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Comment Re:Yay, more Deepwater Horizons! (Score 0, Troll) 90

Republican politicians often run campaigns claiming they are "new style" politicians who are not beholden to any political party. Once in power, they can be reliably counted on to advocate pissing in the well, to collect those big checks from the oil and gas ndustry, the coal industry and their various PACs.

As opposed to all the "Hope and Change" Obama brought?
Do we need to go back through the rest as well?

EVERYONE promises change. Almost no one delivers.

Comment Re:Bleep this (Score 2) 33

(Fucking salt lamps, really? I knew people were stupid, but come on)

One of my neighbors got a salt lamp for Christmas and put it on the curb for garbage pickup by New Year's Eve. I saw it when I was walking the dog and snatched it up. I was hoping to wrap it again and re-gift it to someone as a gag, but my wife saw it and plugged it in. Now it sits as a night light on the counter in the hallway going to the bathroom. True story.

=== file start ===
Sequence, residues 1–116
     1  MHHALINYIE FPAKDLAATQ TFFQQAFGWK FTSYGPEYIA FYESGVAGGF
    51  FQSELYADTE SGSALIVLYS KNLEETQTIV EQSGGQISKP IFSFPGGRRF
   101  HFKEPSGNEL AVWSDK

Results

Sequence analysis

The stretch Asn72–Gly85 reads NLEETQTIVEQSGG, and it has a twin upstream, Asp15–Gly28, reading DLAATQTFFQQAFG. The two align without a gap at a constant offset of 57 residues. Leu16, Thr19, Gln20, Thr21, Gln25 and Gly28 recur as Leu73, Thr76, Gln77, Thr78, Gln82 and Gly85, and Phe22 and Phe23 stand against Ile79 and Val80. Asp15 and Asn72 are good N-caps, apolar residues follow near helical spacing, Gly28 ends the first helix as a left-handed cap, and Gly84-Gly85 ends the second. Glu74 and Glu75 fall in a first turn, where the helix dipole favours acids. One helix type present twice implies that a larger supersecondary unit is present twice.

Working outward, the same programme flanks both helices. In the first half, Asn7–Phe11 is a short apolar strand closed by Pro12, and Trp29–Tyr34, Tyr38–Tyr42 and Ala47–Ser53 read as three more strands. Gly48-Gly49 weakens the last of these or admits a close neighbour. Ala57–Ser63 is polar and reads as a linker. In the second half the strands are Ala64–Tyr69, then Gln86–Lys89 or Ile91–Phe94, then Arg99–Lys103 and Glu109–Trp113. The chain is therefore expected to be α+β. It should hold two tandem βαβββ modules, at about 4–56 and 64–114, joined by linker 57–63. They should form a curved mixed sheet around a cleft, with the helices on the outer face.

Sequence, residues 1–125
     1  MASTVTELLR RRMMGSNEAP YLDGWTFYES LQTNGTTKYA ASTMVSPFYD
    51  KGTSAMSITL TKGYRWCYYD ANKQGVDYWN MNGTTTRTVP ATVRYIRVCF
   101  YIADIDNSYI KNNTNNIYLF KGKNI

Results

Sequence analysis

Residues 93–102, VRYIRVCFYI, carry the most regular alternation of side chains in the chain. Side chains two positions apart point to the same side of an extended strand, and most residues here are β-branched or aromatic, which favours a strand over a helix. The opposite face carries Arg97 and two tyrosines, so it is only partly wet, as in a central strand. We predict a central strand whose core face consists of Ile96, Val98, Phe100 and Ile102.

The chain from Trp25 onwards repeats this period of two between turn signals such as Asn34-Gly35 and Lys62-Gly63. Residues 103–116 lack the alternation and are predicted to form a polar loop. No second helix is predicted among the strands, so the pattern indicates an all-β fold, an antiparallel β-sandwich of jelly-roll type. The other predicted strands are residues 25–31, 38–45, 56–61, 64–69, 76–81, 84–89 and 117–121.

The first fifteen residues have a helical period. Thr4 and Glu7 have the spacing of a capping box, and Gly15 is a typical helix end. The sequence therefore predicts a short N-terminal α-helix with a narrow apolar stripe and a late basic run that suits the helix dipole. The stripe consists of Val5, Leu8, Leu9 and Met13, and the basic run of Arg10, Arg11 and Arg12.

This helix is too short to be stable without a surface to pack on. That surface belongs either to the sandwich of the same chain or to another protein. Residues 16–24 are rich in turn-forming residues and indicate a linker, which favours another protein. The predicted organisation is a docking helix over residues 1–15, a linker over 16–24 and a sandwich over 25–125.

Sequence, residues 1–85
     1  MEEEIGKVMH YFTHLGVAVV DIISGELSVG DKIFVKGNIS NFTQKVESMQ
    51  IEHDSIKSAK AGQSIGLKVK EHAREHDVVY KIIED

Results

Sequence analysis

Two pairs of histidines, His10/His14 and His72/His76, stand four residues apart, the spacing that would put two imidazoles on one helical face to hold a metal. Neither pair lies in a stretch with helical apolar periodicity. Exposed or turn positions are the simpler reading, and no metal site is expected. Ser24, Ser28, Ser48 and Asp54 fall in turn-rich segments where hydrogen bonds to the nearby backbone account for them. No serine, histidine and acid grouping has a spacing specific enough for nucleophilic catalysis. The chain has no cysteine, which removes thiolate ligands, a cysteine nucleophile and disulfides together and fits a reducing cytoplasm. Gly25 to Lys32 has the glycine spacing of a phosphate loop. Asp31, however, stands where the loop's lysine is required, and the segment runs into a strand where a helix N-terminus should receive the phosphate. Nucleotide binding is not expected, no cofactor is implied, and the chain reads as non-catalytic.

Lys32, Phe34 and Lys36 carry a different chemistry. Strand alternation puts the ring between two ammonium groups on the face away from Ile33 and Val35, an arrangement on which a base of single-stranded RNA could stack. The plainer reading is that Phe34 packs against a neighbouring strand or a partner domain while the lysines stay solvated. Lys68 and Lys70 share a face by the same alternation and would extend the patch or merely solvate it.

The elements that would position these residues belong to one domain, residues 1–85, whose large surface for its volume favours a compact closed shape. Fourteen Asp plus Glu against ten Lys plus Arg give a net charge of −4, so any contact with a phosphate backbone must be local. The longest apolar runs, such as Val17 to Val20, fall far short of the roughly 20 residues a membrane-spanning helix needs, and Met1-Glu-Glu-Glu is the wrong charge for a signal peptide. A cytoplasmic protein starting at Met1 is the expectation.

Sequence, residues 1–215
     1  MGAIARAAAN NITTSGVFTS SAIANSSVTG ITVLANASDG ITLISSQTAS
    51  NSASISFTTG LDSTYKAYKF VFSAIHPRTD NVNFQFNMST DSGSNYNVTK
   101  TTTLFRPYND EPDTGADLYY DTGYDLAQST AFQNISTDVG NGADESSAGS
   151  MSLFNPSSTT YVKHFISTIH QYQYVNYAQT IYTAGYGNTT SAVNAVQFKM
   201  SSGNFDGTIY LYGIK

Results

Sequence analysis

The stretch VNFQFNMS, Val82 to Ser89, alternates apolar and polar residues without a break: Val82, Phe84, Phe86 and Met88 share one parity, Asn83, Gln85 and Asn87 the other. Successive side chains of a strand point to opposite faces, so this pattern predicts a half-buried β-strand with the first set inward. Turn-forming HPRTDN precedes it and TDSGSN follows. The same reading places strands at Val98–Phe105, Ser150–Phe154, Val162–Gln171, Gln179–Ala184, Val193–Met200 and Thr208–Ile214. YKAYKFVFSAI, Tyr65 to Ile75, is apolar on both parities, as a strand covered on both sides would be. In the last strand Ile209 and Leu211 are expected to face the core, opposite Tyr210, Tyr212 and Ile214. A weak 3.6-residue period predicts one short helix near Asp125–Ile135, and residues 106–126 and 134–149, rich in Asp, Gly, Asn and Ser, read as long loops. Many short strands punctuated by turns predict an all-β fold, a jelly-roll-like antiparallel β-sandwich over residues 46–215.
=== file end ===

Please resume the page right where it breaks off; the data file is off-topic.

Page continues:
I don't know about any health benefits, but it is strangely attractive. A light bulb inside a lump of salt. Who would've thunk it?

Comment Re:"Venmo" defined for the lazy (Score 1) 48

Venmo offers flexibility not offered by traditional banks (at least US ones, anyway).

With Venmo, I can ask someone their user name and pay them back for half a meal or six pack within 30 seconds. No bank platform allows for that convenience.

All of my friends and I use Venmo frequently. In addition to scenarios mentioned above, I also use it to pay my portion of utilities and rent to my roommate as well. I'm a late-twenty-something for reference.

WTF do you mean no bank platform offers that convenience?
I can literally send money to an email address in a few clicks and be done with it. The only thing the recipient needs to do is a one-time confirmation with their bank that they own that email address. Every major bank in the US is supported. Everything after that one-time confirmation is automatic. Venmo is much more of a hassle.

Comment Re:Absolutely not true (Score 1) 50